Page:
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African American Vernacular English: Features, Evolution, Educational Implications / Edition 1
     

African American Vernacular English: Features, Evolution, Educational Implications / Edition 1

by John Russell Rickford
 

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ISBN-10: 0631212450

ISBN-13: 9780631212454

Pub. Date: 07/16/1999

Publisher: Wiley

In response to the flood of interest in African American Vernacular English (AAVE) following the recent controversy over "Ebonics," this book brings together sixteen essays on the subject by a leading expert in the field, one who has been researching and writing on it for a quarter of a century.

Rickford's essays cover the three central areas in which questions

Overview

In response to the flood of interest in African American Vernacular English (AAVE) following the recent controversy over "Ebonics," this book brings together sixteen essays on the subject by a leading expert in the field, one who has been researching and writing on it for a quarter of a century.

Rickford's essays cover the three central areas in which questions continue to come in from teachers, students, linguists, the news media, and interested members of the public:

  • What are the features of AAVE/Ebonics and how is it used?
  • What is its evolution and where is it headed?
  • What are its educational implications?

The answers to these questions are sometimes matters of controversy even within linguistics, the scientific study of language, but Rickford's essays - written between 1975 and 1998 - provide an informed commentary on them based on systematic research rather than the opinionated misinformation that dominated media commentary on Ebonics.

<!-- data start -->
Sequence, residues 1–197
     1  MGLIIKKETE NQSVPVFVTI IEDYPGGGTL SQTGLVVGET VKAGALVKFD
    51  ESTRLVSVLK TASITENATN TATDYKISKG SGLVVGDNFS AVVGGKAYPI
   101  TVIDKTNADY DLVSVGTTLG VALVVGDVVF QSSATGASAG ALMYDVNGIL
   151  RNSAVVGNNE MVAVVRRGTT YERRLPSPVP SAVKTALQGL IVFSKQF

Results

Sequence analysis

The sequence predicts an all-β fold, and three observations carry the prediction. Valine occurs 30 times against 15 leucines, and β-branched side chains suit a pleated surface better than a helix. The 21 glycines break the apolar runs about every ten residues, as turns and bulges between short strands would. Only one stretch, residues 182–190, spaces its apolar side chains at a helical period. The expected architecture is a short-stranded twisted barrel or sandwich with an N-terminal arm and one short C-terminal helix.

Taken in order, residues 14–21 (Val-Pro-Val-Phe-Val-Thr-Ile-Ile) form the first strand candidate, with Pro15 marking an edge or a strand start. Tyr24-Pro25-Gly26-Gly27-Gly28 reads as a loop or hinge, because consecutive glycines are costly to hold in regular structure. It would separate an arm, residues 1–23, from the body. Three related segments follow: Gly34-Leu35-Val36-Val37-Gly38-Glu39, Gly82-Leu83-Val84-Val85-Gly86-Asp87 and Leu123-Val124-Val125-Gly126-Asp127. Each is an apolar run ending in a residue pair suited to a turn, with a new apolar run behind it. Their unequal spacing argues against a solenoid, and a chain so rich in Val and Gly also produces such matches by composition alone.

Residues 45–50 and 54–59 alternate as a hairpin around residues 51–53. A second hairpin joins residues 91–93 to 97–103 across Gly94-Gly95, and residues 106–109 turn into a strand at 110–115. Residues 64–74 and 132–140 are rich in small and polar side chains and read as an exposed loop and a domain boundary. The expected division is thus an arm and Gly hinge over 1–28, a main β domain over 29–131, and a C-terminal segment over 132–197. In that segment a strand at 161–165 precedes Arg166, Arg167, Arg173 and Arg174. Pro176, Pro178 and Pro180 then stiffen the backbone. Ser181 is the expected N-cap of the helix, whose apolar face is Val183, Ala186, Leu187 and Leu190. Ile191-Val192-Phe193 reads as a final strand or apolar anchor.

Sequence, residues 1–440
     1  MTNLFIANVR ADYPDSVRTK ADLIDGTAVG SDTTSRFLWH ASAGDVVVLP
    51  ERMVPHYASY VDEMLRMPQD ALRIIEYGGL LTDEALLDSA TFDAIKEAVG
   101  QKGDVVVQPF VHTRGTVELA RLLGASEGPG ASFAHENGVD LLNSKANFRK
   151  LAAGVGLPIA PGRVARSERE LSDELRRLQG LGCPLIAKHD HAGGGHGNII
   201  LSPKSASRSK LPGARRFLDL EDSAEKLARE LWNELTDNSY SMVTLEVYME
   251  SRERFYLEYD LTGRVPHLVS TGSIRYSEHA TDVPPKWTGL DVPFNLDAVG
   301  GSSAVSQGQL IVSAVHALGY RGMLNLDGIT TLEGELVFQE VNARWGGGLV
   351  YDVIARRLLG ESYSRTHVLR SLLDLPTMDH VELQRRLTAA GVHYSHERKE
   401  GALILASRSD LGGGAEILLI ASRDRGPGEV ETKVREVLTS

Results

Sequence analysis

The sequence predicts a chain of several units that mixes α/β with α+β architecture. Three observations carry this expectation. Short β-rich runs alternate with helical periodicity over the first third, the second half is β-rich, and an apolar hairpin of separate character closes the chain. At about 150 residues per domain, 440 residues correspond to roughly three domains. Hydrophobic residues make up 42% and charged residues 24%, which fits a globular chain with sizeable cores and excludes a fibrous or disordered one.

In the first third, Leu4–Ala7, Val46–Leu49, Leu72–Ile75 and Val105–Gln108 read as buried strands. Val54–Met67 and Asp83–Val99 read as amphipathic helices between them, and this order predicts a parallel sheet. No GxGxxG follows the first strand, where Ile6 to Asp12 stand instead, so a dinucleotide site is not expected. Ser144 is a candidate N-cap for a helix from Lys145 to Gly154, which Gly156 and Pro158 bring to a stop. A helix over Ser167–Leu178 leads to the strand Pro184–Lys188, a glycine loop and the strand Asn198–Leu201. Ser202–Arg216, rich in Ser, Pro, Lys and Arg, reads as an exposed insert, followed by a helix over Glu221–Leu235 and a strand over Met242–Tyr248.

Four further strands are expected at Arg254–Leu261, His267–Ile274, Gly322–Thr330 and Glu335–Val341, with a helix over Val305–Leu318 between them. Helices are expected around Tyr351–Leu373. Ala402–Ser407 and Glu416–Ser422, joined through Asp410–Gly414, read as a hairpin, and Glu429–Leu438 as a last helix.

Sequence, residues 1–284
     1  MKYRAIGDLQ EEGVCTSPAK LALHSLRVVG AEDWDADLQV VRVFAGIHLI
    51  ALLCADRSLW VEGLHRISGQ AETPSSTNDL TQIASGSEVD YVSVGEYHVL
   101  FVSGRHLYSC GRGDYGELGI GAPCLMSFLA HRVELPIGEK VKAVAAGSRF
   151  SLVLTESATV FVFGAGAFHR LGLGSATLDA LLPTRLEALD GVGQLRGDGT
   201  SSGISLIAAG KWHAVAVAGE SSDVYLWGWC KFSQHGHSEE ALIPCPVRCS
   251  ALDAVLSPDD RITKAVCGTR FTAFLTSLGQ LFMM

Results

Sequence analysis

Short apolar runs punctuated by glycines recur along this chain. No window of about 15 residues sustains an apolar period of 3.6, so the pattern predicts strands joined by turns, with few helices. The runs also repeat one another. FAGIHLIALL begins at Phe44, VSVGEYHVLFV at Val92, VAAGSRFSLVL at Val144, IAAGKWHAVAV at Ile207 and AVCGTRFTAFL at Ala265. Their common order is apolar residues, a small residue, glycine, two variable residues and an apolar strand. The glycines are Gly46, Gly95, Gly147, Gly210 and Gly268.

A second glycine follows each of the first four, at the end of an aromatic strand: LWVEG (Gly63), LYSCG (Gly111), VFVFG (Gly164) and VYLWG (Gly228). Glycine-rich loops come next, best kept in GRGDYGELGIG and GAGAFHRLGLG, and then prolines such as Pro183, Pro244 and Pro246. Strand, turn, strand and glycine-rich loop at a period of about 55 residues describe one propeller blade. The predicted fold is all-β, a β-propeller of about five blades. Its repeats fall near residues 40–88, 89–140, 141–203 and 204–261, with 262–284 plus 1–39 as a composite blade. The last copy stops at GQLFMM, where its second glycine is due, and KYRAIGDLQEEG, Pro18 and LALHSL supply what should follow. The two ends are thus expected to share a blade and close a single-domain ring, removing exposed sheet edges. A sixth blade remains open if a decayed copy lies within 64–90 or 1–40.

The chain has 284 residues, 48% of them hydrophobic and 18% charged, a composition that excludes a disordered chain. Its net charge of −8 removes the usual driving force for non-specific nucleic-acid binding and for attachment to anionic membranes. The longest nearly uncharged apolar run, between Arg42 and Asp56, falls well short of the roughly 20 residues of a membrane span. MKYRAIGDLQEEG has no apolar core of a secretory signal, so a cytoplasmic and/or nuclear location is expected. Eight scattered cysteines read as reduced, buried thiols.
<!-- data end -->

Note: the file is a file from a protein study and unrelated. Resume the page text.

Product Details

ISBN-13:
9780631212454
Publisher:
Wiley
Publication date:
07/16/1999
Series:
Language in Society Series
Pages:
428
Product dimensions:
6.05(w) x 9.00(h) x 0.92(d)
Age Range:
18 Years

Table of Contents

Series Editor’s Preface.

Preface.

Foreword.

Acknowledgments.

Part I: Features and Use.

1. Phonological and Grammatical Features of African American Vernacular English.

2. Carrying the New Wave into Syntax: The Case of Black English BIN.

3. Preterit Had+ V- ed in the Narratives of African American Adolescents: with Christine Theberge Rafal.

4. Rappin on the Copula Coffin: Theoretical and Methodological Issues in the Analysis of Copula variation in African American Vernacular English: with Arnetha Ball, Renée Blake, Raina Jackson, and Nomi.

Martin I.

5. Ethnicity as a Sociolinguistic Boundary.

6. Addressee- and Topic-Influenced Style Shift: A Quantitative Sociolinguistic Study: with Faye McNair-Knox.

Part II: Evolution.

7. Cut-Eye and Suck-Teeth: African Words and Gestures in New World Guise: with Angela E. Rickford.

8. Social Contact and Linguistic Diffusion: Hiberno English and New World Black English.

9. Copula Variability in Jamaican Creole and African American Vernacular English: A Reanalysis of DeCamp's Texts.

10. Prior Creolization of AAVE? Sociohistorical and Textual Evidence from the Seventeenth and Eighteenth Centuries.

11. Are Black and White Vernaculars Diverging?.

12. Grammatical Variation and Divergence in Vernacular Black English.

Part III: Educational Implications.

13. Attitudes Toward AAVE, and Classroom Implications and Strategies. 14. Unequal Partnership; Sociolinguistics and the African American Speech Community.

15. Suite for Ebony and Phonics.

16. Using the Vernacular to Teach the Standard.

References.

Index.

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